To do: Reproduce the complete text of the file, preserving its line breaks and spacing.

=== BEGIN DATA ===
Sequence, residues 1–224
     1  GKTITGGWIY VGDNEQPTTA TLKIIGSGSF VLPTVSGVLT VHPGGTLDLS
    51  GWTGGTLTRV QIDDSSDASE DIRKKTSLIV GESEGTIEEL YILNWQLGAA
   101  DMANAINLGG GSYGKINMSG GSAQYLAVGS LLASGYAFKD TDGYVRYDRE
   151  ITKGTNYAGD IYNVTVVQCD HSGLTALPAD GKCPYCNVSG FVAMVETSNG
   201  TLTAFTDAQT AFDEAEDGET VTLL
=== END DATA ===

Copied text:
Sequence, residues 1–224
     1  GKTITGGWIY VGDNEQPTTA TLKIIGSGSF VLPTVSGVLT VHPGGTLDLS
    51  GWTGGTLTRV QIDDSSDASE DIRKKTSLIV GESEGTIEEL YILNWQLGAA
   101  DMANAINLGG GSYGKINMSG GSAQYLAVGS LLASGYAFKD TDGYVRYDRE
   151  ITKGTNYAGD IYNVTVVQCD HSGLTALPAD GKCPYCNVSG FVAMVETSNG
   201  TLTAFTDAQT AFDEAEDGET VTLL